Prospero is happy on his island. He has everything he wants here: his books, his daughter, and a couple of servants to do his bidding. But there is one pain in his heart, and it's not the obvious one: his daughter has grown into a beautiful woman but her life is incomplete. She must return to the world. And he cannot do that if he takes his revenge on his brother; the world does not look kindly on murder, even for revenge.
Ariel is the spirit of magic, more an aspect of Prospero's own power given personification than a separate life-form. Ariel is Prospero allowing himself to be free, and in the end Prospero must cast himself off to fit into society.
Miranda is the point about which the play turns. Prospero gives up his island, and his revenge, for her. She's grown up a little wild, without a mother to explain things to her. She's respectful and curious, but not really suited to the real world, which is where she belongs, not Prospero's private retirement island. She knows what she likes and takes it, and that's Ferdinand.
Ferdinand has grown up in the court of Naples and knows that he's going to be king. Surprisingly, this has not gone to his head, and he's turned into a sensible guy with a sense of honor and duty. He's turned down a half-dozen totally inappropriate marriage arrangements, and his father is getting pretty worried about him. He's a worthy target of Miranda's affections, and he sees in her the sort of woman he's been looking for: beautiful, self-confident, and "outside the system".
He knows that there's only one thing in the world worse than having power: not having power. His tenure as King of Naples has been a balancing act, trying to get the various bits of evils his dukes do to balance out. He's brought up his son with a strong sense of duty because he's the one who's got to try again.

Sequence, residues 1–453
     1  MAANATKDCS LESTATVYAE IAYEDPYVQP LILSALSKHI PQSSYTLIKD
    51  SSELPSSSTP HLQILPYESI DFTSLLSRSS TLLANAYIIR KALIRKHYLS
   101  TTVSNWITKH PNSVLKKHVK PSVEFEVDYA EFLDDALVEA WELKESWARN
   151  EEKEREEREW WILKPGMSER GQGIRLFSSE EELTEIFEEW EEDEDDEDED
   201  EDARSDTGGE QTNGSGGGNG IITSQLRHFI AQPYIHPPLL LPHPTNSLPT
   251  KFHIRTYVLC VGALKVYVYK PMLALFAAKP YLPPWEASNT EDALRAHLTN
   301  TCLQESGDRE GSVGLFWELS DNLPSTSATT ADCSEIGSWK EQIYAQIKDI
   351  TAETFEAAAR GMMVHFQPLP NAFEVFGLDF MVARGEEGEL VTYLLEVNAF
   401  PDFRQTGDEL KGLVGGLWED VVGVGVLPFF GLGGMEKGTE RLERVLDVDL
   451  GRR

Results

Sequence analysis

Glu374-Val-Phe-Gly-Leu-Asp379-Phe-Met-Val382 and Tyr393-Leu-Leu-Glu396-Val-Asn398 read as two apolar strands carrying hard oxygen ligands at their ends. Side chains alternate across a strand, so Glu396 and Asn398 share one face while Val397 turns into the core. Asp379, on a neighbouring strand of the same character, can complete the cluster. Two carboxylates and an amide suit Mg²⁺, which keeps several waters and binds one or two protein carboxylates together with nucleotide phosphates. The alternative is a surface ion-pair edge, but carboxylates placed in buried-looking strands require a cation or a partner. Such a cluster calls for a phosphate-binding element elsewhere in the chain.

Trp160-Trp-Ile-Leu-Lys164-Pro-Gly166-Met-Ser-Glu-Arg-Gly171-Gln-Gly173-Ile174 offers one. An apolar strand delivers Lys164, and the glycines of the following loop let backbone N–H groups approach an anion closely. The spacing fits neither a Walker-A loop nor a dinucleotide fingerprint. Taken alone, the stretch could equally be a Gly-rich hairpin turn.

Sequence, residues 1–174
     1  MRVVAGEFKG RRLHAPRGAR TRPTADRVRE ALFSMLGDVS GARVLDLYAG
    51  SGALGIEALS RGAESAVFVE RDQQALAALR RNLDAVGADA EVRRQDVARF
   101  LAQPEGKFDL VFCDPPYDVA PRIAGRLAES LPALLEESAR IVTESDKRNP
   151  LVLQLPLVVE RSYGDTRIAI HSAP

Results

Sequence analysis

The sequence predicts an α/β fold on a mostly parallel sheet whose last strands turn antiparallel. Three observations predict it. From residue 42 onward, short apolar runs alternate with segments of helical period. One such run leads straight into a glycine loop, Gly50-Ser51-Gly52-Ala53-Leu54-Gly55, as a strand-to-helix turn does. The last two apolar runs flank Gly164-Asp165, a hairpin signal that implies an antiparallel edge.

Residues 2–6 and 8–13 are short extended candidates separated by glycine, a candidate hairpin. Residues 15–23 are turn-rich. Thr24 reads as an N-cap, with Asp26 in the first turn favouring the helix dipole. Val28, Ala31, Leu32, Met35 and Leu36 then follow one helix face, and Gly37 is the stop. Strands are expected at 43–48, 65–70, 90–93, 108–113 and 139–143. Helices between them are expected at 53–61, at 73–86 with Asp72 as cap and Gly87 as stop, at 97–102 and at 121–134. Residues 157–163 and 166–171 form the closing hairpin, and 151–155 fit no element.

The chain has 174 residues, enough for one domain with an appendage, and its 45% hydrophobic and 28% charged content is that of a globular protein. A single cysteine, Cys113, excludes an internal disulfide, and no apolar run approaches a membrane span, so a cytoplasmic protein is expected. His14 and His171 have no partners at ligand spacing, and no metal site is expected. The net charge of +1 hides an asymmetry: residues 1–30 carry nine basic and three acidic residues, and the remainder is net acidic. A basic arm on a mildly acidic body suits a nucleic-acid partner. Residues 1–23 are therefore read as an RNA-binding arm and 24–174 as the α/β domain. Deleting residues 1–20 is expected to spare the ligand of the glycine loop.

The good man in a bad world. He's seen the botch that politics makes of lives and he wants to fix it, but he's learned that the bad guys move faster than the good ones. In his heart he believes that what goes around comes around.
Greedy, manipulative, self-absorbed, and hungry for power. He pressures Sebastian to kill Alonso to get power over him, as part of Alonso's way of seeking the kingdom of Naples for himself.
Not nearly as skilled as Antonio at playing the politics game, hampered by a conscience too big to let him move quickly and too small to really save his soul. He doesn't really want to be king of Naples, but having grown up in the court all his life he figures it's expected of him. He's actually jealous of Prospero's happy little life and would frankly rather remain here on the island.
Stephano is the guy in your high-school class who had a fake ID and brought the booze. He's the guy who would run for class president and get a big write-in from the stoner vote, if the stoners would bother to write. In my class, he actually won, and then got kicked out for not actually doing anything.
Trinculo is the guy who gets his beer from Stephano in the high school parking lot; the hanger-on. He's both jealous of Stephano and thinks he's the greatest thing since sliced bread.
Caliban is neither a monster nor a "noble savage". He's in fact, a very real savage: crude, rude, and socially unacceptable. He's the class clown. Think Jar-Jar Binks after a half-dozen whiskey sours. Do NOT do the voice. He inherited no magic power from his mother, who was a pretty crummy witch and a not-so-great mother, either.
The Spirits are shadowy figures. Nobody gets a really good look at them. They are not of this world, and they don't move, look, or act like people.
He's seen far too many storms to believe that this one is normal. He takes it as a challenge, and he's actually pretty happy to pit his skills against whatever it is nature is throwing at him. He's bold and makes decisions quickly and effectively.